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photograph taken from an aircraft
Lenzie from above Gadloch
Lenzie is located in East Dunbartonshire
Lenzie is located in Glasgow council area
Lenzie shown within Scotland
Lenzie is located in Scotland
Lenzie (Scotland)
Population 8,873 [3]
OS grid reference NS655720
Lieutenancy area
Country Scotland
Sovereign state United Kingdom
Post town GLASGOW
Postcode district G66
Dialling code 0141
Police Scottish
Fire Scottish
Ambulance Scottish
EU Parliament Scotland
UK Parliament
Scottish Parliament
List of places
55°55′23″N 4°09′11″W / 55.923°N 4.153°W / 55.923; -4.153Coordinates: 55°55′23″N 4°09′11″W / 55.923°N 4.153°W / 55.923; -4.153

Lenzie (/ˈlɛnzi/) is a small town by the Edinburgh and Glasgow Railway in the East Dunbartonshire council area of Scotland. It is about 6 miles (10 km) north-east of Glasgow city centre and 1 mile (2 km) south of Kirkintilloch.[4] At the 2011 census, it had a population of 8,873.[3] The ancient barony of Lenzie was held by William de Comyn, Baron of Lenzie and Lord of Cumbernauld in the 12th century.


Lenzie is now generally pronounced with a /z/, but used to be pronounced /lɛnjɪ/. This is because the original Scots spelling, Lenȝie, contained the letter yogh, which was later confused with the tailed z.[5] The name probably derives from the Gaelic Lèanaidh (pronounced [ˈʎianɪ]), a locative form of lèana, meaning a "wet meadow".[6] The whole parish was split into Easter Lenzie which now contains for example Lenziemill, and Wester Lenzie which came to be dominated by Kirkintilloch.[7]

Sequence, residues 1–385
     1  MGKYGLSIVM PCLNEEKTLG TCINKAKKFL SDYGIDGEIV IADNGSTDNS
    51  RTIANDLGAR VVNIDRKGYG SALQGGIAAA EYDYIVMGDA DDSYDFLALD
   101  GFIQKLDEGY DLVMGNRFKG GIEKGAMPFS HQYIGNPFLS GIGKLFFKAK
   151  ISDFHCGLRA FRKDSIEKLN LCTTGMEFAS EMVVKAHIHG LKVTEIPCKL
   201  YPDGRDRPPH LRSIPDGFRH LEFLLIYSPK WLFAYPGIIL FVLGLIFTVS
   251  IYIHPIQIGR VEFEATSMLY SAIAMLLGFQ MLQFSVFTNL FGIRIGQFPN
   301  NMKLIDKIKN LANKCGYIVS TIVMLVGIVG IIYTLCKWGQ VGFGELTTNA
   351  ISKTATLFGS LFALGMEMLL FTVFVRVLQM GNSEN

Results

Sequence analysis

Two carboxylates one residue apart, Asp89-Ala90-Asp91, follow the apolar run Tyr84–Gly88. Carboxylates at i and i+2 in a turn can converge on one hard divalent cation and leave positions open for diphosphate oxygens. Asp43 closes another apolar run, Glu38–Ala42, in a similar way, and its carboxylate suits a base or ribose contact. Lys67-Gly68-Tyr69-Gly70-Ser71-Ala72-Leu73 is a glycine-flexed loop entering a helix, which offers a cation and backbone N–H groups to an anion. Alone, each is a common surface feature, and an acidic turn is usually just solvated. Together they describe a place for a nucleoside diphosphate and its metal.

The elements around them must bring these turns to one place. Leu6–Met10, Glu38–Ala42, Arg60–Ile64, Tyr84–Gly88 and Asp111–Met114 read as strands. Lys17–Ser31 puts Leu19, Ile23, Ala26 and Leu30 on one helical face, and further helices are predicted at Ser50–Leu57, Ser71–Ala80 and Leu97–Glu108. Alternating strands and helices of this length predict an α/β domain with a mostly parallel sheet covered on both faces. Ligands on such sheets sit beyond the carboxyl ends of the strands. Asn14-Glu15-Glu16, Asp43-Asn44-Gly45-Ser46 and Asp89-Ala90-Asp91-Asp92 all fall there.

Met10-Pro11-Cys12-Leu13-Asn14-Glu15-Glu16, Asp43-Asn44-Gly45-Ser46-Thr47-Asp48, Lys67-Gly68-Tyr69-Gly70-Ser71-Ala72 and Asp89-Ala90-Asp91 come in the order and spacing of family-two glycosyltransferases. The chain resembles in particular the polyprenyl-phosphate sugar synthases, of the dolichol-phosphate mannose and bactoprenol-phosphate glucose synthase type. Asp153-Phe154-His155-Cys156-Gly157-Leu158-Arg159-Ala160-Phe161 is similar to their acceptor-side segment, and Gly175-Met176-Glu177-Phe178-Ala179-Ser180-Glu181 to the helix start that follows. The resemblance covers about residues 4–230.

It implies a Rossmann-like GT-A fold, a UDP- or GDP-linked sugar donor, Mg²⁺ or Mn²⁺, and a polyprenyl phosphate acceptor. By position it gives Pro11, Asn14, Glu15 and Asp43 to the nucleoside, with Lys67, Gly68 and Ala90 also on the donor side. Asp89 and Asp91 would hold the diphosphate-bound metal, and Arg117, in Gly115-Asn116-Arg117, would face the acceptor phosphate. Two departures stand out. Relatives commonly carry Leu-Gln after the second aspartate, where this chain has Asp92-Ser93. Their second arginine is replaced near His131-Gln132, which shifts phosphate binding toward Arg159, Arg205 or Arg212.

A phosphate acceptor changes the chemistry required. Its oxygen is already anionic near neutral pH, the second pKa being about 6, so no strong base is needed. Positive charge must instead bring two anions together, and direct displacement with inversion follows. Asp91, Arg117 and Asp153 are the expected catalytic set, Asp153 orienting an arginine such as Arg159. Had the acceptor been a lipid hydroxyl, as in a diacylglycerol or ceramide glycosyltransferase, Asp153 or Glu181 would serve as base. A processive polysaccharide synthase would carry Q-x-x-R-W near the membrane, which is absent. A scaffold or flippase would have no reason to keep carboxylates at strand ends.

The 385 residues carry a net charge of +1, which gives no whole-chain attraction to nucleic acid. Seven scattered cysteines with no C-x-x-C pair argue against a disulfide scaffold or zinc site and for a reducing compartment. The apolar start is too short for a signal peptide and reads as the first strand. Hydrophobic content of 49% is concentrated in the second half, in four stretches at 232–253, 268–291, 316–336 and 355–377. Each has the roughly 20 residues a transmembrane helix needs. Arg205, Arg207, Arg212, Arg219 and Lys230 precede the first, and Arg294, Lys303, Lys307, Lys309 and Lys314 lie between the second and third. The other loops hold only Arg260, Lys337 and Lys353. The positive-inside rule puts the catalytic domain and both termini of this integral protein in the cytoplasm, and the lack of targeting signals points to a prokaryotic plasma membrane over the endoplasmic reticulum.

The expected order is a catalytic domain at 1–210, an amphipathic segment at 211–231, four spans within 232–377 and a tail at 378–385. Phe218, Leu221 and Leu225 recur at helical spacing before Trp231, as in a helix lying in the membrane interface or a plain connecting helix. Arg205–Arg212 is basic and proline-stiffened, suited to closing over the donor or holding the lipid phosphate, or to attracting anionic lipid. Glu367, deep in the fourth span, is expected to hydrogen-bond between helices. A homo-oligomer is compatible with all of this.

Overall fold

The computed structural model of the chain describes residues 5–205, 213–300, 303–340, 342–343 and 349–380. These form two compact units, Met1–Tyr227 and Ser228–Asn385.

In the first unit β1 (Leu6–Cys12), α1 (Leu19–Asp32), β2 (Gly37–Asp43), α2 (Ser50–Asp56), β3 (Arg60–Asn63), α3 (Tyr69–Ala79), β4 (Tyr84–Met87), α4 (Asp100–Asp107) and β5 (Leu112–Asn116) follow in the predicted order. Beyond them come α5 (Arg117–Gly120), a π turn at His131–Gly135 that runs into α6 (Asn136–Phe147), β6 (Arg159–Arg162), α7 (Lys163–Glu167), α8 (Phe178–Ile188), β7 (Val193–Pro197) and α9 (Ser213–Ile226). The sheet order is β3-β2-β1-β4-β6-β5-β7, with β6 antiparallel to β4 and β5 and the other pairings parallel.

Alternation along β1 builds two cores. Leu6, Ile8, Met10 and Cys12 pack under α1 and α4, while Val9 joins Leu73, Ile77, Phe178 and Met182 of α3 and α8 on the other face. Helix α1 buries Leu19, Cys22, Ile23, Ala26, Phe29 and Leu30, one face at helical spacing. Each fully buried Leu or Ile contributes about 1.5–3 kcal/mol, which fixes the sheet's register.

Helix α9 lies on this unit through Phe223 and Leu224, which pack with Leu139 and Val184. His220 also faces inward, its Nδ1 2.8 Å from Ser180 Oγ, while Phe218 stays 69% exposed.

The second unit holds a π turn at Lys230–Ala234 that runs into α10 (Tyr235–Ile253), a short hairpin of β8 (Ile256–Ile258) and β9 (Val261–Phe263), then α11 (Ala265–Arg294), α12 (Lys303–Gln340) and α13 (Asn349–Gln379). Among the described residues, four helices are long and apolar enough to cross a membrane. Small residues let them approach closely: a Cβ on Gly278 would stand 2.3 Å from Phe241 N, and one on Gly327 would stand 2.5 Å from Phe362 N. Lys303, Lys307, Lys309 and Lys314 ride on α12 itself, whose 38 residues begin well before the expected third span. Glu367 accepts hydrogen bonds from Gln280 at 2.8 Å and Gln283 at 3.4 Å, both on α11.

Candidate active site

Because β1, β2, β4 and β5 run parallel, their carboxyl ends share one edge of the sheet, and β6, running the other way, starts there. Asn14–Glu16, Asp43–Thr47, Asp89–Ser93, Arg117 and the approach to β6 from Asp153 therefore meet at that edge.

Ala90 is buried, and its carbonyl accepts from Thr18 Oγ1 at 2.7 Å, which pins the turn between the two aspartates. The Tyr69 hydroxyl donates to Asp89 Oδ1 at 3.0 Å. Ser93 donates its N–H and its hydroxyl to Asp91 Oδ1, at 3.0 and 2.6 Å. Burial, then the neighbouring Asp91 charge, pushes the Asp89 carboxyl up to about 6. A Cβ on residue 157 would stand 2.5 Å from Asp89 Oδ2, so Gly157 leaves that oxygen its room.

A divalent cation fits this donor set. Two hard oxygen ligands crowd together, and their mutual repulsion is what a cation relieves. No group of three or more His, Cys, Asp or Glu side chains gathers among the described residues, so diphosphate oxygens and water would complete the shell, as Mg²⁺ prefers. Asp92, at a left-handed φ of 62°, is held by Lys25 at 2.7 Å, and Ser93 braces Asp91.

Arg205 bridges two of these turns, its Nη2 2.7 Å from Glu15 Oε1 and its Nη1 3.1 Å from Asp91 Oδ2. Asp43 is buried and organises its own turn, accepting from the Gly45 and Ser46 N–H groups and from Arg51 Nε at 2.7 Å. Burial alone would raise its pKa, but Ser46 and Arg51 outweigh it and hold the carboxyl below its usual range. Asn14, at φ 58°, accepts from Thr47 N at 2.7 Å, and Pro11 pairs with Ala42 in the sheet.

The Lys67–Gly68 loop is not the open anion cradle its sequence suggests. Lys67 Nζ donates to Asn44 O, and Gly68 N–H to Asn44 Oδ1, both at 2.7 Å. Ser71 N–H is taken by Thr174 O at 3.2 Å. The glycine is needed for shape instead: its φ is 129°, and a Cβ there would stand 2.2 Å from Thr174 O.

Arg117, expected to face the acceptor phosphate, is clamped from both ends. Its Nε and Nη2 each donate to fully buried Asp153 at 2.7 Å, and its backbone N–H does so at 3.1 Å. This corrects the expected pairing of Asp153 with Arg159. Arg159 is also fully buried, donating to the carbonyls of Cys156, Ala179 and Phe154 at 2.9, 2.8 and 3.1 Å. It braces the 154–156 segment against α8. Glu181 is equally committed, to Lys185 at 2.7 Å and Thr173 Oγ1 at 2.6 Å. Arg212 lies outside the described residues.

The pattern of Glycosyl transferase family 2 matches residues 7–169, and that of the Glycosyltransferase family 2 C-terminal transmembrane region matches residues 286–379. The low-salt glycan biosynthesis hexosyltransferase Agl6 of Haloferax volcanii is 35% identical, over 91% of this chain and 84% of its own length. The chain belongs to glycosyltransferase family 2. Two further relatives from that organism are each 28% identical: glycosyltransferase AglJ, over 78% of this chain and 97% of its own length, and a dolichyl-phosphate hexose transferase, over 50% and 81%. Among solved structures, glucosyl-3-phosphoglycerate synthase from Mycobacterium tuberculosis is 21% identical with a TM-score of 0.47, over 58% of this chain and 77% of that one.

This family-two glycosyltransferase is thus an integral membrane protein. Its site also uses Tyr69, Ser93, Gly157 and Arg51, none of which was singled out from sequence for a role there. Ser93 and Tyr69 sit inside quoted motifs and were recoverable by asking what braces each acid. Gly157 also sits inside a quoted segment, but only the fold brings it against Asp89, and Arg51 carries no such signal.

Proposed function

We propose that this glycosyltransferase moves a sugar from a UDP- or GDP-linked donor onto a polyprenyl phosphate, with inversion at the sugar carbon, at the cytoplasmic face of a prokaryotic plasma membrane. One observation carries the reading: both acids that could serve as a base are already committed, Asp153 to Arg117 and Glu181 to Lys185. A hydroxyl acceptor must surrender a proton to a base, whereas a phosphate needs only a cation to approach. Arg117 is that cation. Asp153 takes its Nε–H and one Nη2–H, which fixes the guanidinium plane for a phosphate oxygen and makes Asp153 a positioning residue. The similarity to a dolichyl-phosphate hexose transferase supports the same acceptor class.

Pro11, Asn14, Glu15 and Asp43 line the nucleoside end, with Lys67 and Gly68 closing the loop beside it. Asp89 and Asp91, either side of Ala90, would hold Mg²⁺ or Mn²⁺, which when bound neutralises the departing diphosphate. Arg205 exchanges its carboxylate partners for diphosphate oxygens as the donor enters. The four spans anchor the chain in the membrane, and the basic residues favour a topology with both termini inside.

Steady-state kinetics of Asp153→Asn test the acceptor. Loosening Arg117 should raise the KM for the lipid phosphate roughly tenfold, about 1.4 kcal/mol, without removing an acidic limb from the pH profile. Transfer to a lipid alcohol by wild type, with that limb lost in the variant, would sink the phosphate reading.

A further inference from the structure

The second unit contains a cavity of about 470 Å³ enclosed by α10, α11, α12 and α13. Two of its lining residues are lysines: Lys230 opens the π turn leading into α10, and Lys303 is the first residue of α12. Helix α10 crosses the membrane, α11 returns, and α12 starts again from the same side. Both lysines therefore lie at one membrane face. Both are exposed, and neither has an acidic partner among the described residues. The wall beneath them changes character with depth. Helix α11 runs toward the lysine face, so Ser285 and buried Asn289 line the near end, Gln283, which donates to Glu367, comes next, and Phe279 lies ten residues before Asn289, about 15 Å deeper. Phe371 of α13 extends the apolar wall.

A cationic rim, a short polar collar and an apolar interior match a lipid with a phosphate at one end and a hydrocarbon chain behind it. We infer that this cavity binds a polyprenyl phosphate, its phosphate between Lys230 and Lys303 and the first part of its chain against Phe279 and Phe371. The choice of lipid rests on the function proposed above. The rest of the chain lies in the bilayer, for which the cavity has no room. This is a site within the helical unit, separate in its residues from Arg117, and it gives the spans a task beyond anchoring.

Lenzie, as a town, was built in the 19th century as a commuter town for those travelling to Glasgow and Edinburgh, as Lenzie railway station is a stop between the two cities.[8] The train station was originally named 'Kirkintilloch Junction' and later 'Campsie Junction',[9] as it was a junction between the Edinburgh and Glasgow Railway and its Campsie branch line through Kirkintilloch (the latter line no longer exists).[10]

Lenzie, the 'wet plain'[11] had been used for farming. Lenzie Moss, a boggy, marshy area of Lenzie that has not been built on, has peat bogs, which were extensively exploited and now feature the characteristics of peat cutting, and several acres of deciduous woodland mainly made up of silver birch. The area is a sanctuary for wildlife, including rabbits, deer, and foxes. On older maps Lenzie Moss was referred to as "mountain moss". The Lenzie Peat Railway was a narrow gauge railway which ran on Lenzie Moss serving the peat trade.

Woodilee Hospital opened in 1874 but was gradually closed down from the mid-1990s.[citation needed] Lenzie Hospital for the elderly also closed around this time.[citation needed]

Until World War II, housing was chiefly north of the railway station and south of the railway on the west side of Auchinloch Road. This consisted of Victorian and Edwardian villas, a few terraces, and some 1920s and 1930s bungalows at Middlemuir and Kirkintilloch Road in north Lenzie. From the 1950s some Council housing was built at Gallowhill Avenue and High Gallowhill as well as private housing. In the south, housing was built at Millersneuk and Claddens, changing the image and the face of the village into a town. Now it has several shops, schools, churches, parks, and various sport clubs like any other suburb.


The main secondary school for the town is Lenzie Academy,which was founded in 1886[12] and was originally both a primary and secondary school situated on Kirkintilloch Road, Lenzie - later Lenzie Primary School. In 1960, the school moved to its present building on Myrtle Avenue, and became purely a secondary school.